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Cameroon: Homophobia as a political ploy

Cameroon provides the latest example of a despicable tradition in homophobic nations — hurling accusations of homosexuality as a political ploy.

From the African Human Rights Media Network

Professor Pascal Charlemagne Messanga Nyamding (Photo courtesy of Camer.be)

By Courtney Stans

Politician and professor Pascal Charlemagne Messanga Nyamding recently floated the claim that his own ruling Cameroon People’s Democratic Movement (CPDM) party is controlled by homosexuals.

President Paul Biya (Photo courtesy of Wikimedia Commons)

He made that charge earlier this month on social media despite the fact that the CPDM is the party of the country’s revered longtime president, His Excellency Paul Biya.

A member of the CPDM central committee, he claimed that the reason he has not yet been named to a government position is because he has refused to submit to homosexual practices.

Messanga Nyamding, a professor of political science at the Institute for International Relations (IRIC) at the University of Yaoundé II, is known for expressing homophobic views to his students, claiming that homosexuality is an unnatural and even diabolical practice.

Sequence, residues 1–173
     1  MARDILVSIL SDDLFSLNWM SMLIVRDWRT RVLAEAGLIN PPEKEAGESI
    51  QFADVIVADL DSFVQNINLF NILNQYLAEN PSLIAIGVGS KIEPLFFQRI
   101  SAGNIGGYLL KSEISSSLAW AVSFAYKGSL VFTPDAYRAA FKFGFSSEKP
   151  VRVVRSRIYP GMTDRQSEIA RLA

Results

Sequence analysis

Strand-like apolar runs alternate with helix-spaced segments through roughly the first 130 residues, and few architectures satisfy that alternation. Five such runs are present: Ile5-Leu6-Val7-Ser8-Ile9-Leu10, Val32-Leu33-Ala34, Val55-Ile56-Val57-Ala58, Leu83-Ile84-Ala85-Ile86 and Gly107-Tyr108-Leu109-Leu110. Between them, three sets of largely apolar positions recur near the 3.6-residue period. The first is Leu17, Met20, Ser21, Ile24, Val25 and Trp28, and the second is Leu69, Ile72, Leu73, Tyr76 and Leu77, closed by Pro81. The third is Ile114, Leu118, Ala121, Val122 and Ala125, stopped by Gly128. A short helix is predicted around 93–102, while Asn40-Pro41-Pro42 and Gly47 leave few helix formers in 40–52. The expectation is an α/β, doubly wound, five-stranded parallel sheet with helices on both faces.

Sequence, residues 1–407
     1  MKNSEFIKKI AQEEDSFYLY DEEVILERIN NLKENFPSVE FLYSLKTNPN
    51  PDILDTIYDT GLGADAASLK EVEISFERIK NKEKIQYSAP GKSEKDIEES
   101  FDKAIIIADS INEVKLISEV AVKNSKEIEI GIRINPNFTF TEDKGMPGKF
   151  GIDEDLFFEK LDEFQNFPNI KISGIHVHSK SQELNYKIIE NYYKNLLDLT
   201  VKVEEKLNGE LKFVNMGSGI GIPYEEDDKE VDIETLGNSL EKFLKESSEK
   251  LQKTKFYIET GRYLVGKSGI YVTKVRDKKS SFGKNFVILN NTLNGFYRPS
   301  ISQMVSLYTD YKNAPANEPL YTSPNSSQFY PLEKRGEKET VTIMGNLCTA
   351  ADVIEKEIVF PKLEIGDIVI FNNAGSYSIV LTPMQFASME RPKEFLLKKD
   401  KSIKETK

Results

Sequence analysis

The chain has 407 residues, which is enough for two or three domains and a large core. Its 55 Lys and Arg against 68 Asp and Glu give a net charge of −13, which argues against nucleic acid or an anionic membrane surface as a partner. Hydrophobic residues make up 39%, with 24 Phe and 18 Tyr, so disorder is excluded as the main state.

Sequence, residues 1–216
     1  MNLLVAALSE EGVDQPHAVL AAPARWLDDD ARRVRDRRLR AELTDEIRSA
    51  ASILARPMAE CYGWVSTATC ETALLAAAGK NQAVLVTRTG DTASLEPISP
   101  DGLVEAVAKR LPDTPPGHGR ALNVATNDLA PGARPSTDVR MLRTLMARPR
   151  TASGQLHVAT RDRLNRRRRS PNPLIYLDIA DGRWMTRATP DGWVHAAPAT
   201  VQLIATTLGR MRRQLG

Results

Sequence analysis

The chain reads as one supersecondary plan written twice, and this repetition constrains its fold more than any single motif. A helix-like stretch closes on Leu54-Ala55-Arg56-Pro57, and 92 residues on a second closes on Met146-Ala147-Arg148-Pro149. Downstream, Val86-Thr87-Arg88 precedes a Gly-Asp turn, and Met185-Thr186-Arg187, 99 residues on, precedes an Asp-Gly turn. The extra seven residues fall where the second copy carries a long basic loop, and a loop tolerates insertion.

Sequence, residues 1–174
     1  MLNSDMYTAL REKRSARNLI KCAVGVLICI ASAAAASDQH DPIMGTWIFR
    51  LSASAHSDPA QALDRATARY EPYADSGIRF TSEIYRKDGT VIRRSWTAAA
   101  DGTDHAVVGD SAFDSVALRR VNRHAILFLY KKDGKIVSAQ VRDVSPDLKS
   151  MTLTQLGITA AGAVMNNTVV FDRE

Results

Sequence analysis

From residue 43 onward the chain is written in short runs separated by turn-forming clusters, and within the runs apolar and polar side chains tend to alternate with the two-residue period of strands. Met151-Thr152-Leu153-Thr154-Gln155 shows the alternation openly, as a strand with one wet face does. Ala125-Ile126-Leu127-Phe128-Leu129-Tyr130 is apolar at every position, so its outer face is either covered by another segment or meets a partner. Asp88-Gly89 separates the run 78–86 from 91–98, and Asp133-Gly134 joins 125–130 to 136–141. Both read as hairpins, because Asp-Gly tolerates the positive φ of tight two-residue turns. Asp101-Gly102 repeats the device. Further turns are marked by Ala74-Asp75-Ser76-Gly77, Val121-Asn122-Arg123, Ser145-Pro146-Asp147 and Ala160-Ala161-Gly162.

This isn’t the first time he has used the issue of homosexuality for political ends.

During the 2018 presidential campaigns, Messanga Nyamding accused Cameroonian opposition leader Professor Maurice Kamto of being a supporter of homosexuality.

He presented no evidence to support that statement, nor has he presented evidence to back up his latest complaint about the CPDM. Yet many Cameroonians still believe him.

His latest homophobic denunciation came on Oct. 8, when he declared about the CPDM that “the queers who run our party” threatened to take him to a disciplinary council if he did not go along with their plans.

Unlike those political opponents, he said, he and his allies are the true supporters of President Paul Biya — “the real biyaists”.

Courtney Stans adds:

This culture of hatred, intolerance, rejection and violence should be urgently denounced because it contributes to the meteoric rise in homophobia in our homes and neighborhoods.

It’s wrong to fuel popular prejudices for selfish political reasons.

Rejecting such hateful statements is one way to fight homophobia and  protect human rights.

Courtney Stans, the author of this article, is a Cameroonian journalist who writes under a pseudonym. Contact her at [email protected].